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Environmentalists accused of “cherry picking” official data on wind and solar power

Windfarm watchers in the north have accused environmentalists of spinning the facts about the “extraordinary” success of recent green energy production.

They accused the charity WWF Scotland yesterday of “cherry-picking” official data on wind and solar power.

The critics pointed out that on a specific day highlighted as exemplary for green energy – May 15 – electricity customers were actually being billed £750,000 to compensate windfarm companies.

The so-called “constraint payments” are frequently awarded for switching off turbines to avoid overloading the national grid.

Referencing the same official data, the anti windfarm campaigners also revealed how, on the same day, Scotland imported electricity from England – as it still often does.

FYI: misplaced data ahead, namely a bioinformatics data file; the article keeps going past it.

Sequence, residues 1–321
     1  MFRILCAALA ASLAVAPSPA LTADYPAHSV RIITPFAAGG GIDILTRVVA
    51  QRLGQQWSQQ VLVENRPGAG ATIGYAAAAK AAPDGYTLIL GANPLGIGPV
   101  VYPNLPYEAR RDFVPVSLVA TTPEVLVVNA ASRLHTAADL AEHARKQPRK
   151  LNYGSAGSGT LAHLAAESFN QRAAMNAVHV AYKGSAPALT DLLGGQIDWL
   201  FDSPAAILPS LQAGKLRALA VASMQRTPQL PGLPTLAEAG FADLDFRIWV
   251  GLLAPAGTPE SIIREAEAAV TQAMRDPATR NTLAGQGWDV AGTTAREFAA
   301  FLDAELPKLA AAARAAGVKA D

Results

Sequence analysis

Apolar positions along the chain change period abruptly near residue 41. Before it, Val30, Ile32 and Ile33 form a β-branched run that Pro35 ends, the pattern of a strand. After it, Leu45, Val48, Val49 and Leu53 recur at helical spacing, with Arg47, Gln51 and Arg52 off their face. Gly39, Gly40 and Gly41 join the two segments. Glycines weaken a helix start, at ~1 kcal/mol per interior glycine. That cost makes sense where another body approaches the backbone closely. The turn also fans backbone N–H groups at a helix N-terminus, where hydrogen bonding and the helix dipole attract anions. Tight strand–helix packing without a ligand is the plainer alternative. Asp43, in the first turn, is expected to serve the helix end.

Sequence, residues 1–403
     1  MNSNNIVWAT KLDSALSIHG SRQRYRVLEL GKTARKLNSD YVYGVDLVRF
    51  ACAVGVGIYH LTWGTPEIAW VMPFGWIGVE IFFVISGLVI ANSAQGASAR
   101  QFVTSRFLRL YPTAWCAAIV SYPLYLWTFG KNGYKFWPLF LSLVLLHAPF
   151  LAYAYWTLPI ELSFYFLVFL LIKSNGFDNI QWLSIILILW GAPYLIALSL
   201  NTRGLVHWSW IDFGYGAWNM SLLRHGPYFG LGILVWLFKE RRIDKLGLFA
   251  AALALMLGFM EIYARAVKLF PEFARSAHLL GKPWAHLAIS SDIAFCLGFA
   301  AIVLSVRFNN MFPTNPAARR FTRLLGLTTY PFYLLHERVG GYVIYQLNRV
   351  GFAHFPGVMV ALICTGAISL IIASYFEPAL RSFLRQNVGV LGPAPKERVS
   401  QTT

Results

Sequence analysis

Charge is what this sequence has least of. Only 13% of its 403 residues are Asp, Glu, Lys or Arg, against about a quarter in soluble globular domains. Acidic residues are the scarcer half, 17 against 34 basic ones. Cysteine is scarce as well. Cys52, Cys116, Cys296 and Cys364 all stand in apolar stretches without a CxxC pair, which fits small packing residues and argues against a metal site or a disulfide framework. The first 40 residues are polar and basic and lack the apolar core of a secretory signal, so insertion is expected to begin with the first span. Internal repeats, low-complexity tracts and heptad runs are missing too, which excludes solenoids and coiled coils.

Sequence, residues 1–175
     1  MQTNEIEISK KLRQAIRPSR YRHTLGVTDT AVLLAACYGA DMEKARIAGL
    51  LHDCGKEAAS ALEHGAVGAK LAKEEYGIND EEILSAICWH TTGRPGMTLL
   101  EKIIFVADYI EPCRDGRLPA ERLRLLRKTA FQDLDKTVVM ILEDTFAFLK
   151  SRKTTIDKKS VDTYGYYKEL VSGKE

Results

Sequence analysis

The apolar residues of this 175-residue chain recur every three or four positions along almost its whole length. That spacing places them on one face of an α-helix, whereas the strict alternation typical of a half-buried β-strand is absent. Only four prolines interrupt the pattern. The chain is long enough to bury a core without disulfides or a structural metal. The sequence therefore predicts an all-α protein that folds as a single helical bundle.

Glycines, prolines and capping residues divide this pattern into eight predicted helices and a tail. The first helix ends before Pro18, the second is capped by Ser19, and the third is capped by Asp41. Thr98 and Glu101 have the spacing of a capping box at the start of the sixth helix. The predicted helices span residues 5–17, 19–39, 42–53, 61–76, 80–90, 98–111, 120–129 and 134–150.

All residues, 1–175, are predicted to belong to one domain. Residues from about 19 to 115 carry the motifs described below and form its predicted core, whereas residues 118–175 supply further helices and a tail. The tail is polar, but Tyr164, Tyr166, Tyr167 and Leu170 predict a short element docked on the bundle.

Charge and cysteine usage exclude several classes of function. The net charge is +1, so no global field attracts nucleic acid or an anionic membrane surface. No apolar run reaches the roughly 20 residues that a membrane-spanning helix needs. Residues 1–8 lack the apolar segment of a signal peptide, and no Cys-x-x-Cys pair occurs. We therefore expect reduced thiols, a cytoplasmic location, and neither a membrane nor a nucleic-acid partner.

WWF Scotland had celebrated an “extraordinary month” for renewables in Scotland, with windfarms powering “the equivalent of 95% of Scottish households’ electricity needs.”

The comments are based on analysis of renewables data for WWF.

Supporters and opponents of windfarms tap into the same daily data provided by the national grid.

WWF Scotland’s reading was that wind generated enough power “to supply 100% or more of Scottish homes on 11 of the 31 days in May.”

Highland-based industry watcher Stuart Young, who has closely monitored the data for some years, argued that the interpretation did not tell the full story.

For example, he said, on May 18 Scotland imported electricity for 20 hours and 40 minutes.

“This all begs the question,” he said, “that if the Scotland-England interconnector is not being used to capacity, why are windfarms constrained off so often?”

WWF Scotland had used the figures in response to President Trump’s decision to withdraw from the latest climate change accord.

The charity’s acting director Sam Gardner had said, despite that, “the global energy revolution is unstoppable and continues at pace here in Scotland.”

The data also shows that between mid January and the end of May, Scotland’s electricity supply was imported from England on 59 separate days. And on May 15, turbines at 39 Scottish windfarms were switched off, costing £754,009.

The total bill for compensation to windfarmers since 2010 recently passed £301million.